How many firearms exist in the United States? How confident are we that these weapons are in capable hands? What happens when a gun owner is no longer responsible? What recourse can society take to ensure that the mentally unstable cannot easily harm themselves or others?
No one, including the U.S. government, knows for sure the number of guns in America. Estimates vary between 270 to 310 million weapons, or close to one firearm for every man, woman and child. Let’s assume the majority of these guns are purchased legally by responsible, law-abiding citizens. What happens when a stable gun owner becomes unstable? Since it is relatively easy to purchase any type of firearm (especially rifles) in most states, what happens when a dangerous person slips through the cracks?
In Florida a mentally unbalanced 18-year old was able to acquire a weapon despite numerous warning signs, including violent, threatening behavior. Over the past few years, the alleged Parkland Florida shooter had several run-ins with local police and was under the care of a behavioral therapist.
Local police were called to his home dozens of times for domestic violence situations, his school had expelled him for erratic behavior, and the FBI and other law enforcement agencies had received calls warning that he might attempt to carry out a school shooting.
Yet, there were no arrests and no recommendations for involuntary commitment, allowed per Florida law, for individuals deemed a danger to themselves or others. Thus, there was no official record that would prevent him from purchasing a weapon.
The gun dealer that sold the AR-15 semi-automatic rifle, used in the Marjory Stoneman Douglas High School shooting, followed proper protocol. The National Instant Criminal Background Check System (NICS) is not designed to analyze warning signs or calculate preemptively.
Certainly, more intervention and follow through was needed in this situation. But in too many cases, firearms are sold to individuals with no criminal or violent history yet with the inclination to do real harm. A red flag law provides law enforcement the authority to do something rarely feasible… confiscate guns from a dangerous person.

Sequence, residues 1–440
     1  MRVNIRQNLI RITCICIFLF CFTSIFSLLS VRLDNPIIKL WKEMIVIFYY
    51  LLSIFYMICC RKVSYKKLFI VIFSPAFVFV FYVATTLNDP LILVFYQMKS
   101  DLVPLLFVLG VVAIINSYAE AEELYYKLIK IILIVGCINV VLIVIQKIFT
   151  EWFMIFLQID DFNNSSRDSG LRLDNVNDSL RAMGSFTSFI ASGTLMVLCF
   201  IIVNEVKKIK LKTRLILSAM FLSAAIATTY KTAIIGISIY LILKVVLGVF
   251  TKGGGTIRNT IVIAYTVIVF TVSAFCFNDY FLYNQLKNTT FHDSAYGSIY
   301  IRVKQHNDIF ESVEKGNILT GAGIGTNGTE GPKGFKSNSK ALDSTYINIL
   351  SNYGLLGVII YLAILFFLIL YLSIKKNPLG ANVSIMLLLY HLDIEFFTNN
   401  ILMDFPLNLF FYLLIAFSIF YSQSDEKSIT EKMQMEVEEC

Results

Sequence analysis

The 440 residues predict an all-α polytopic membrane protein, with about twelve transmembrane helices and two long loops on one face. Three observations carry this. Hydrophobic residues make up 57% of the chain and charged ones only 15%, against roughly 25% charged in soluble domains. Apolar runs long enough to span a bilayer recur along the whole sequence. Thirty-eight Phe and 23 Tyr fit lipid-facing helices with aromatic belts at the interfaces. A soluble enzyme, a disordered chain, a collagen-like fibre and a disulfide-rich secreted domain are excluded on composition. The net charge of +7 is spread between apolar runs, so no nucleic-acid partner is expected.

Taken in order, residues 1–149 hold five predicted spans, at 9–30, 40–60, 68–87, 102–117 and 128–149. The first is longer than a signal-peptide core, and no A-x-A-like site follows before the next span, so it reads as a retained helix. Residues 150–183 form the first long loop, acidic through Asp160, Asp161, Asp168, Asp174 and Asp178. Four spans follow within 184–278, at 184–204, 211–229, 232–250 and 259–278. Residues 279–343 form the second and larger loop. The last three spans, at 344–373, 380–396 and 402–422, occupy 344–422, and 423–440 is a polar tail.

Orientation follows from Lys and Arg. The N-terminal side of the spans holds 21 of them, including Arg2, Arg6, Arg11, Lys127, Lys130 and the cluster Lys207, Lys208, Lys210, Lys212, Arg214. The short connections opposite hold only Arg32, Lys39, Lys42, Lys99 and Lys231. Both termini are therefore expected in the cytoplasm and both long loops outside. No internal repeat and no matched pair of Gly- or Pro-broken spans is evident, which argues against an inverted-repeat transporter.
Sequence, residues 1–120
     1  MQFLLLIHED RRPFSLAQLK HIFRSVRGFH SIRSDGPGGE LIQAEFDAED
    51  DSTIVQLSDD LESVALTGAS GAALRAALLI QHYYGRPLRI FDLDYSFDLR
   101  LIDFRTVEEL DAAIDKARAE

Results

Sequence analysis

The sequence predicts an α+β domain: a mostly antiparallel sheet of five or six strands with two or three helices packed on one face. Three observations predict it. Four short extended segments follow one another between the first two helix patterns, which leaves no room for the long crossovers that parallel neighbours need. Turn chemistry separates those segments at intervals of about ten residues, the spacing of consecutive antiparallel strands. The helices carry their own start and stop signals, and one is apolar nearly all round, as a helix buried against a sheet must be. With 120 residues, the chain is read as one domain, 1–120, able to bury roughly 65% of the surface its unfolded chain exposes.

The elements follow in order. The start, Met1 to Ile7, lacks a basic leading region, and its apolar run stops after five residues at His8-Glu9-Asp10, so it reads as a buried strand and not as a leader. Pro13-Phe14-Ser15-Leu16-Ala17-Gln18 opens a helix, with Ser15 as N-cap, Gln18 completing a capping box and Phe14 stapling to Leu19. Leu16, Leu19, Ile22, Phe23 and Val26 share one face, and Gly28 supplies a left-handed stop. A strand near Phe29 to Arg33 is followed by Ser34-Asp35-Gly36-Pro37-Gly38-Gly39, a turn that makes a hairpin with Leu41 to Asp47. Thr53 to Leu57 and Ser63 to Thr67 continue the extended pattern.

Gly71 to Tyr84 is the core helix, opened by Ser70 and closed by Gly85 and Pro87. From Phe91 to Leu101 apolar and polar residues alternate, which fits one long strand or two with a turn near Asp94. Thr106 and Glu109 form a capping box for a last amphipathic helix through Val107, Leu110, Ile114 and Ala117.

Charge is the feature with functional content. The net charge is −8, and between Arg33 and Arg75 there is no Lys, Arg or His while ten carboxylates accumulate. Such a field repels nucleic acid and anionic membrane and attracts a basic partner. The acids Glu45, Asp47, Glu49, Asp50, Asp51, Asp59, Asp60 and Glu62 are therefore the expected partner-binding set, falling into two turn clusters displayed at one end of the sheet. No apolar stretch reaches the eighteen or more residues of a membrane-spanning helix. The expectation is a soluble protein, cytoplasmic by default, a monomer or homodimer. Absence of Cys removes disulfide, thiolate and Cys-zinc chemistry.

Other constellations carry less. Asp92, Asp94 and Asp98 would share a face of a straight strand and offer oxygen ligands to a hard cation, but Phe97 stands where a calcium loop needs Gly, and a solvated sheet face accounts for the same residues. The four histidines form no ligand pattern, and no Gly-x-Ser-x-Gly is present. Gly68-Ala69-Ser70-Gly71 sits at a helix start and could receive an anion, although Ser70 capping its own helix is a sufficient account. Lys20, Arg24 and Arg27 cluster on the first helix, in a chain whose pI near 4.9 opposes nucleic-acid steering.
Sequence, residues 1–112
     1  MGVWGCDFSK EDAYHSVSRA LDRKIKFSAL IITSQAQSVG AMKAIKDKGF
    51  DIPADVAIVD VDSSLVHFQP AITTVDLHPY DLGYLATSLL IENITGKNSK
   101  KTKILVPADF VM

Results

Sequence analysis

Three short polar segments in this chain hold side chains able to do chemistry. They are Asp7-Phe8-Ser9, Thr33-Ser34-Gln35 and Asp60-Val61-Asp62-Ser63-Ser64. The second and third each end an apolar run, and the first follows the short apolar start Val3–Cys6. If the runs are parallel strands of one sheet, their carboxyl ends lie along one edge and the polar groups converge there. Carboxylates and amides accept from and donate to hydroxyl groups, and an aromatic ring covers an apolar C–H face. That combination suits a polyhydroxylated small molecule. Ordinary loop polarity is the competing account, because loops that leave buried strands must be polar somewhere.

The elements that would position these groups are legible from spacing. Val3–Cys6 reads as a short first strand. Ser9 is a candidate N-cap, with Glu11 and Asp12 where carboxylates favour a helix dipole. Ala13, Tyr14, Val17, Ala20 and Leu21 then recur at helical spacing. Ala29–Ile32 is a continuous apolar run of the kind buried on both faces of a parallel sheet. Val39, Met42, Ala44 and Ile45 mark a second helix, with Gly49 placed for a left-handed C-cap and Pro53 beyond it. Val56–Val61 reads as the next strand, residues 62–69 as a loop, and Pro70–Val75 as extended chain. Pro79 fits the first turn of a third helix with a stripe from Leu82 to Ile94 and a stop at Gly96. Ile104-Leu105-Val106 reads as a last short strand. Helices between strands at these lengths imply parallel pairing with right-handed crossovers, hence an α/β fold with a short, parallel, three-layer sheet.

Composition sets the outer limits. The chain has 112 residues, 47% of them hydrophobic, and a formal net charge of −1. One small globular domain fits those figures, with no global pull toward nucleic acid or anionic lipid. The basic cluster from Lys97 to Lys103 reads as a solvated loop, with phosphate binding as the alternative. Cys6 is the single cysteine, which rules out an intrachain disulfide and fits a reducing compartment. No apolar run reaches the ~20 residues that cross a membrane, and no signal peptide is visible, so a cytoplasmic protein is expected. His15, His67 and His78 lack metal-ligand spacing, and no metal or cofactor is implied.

Five states have enacted red flag laws while 24 additional states, including Pennsylvania, are considering similar bills. The law establishes a judicial process in which guns could be temporarily seized from those deemed dangerous. The restraining order is requested by someone close to the individual — a parent or guardian, teacher or member of law enforcement — and evidence is presented before a judge. If the petition is granted, weapons are seized immediately and held for at least a year. An individual can challenge the order and a petition can be extended if a judge deems it necessary.
These laws are designed to be fair and transparent and are not intended to indiscriminately seize guns. In a meeting with members of Congress last week, President Trump offered his support but went a step too far, saying “take the guns first, go through due process second.” I disagree. Due process is a fundamental part of our nation’s legal framework and should not be so easily dismissed.
The purpose of red flag laws is not to eliminate guns but to safeguard a community or an individual from a potentially dangerous situation.
Red flag laws could stop the next mass shooting but they also could prevent an unstable person from taking his/her life. For someone undergoing emotional stress, easy access to a gun could be the difference between life and death. Ninety percent of people who attempt suicide with a gun die while 90 percent of those who use some other method live. Firearms offer little room for second chances.
Republican state Rep. Todd Stephens is introducing a red flag bill in Pennsylvania. This bipartisan solution could make a real difference when it comes to preventing gun violence.
The NRA opposes red flag laws while contending its support for keeping guns out of the hands of criminals and the mentally ill. The NRA should not prevent our elected officials from making Pennsylvania safer.
Call your state representative and ask that they co-sponsor Rep. Stephens’ bill. By supporting this measure, they could make real progress in protecting Pennsylvanians.
(Faraguna is a founding member of Susquehanna Valley Progress.)